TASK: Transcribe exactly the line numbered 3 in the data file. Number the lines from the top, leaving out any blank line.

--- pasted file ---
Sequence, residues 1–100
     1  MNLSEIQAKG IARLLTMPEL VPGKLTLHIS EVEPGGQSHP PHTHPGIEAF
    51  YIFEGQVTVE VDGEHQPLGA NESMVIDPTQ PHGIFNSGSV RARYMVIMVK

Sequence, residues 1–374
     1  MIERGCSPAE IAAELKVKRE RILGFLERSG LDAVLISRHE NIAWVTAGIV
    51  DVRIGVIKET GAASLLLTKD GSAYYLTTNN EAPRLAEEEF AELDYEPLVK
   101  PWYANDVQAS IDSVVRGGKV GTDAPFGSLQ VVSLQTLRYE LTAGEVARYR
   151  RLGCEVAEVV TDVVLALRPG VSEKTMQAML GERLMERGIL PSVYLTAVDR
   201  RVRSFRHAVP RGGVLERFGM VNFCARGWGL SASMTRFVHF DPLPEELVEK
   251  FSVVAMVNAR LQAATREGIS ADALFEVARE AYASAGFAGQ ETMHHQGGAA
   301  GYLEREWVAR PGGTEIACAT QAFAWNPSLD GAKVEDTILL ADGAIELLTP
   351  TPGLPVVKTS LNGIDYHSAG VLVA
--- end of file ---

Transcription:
    51  YIFEGQVTVE VDGEHQPLGA NESMVIDPTQ PHGIFNSGSV RARYMVIMVK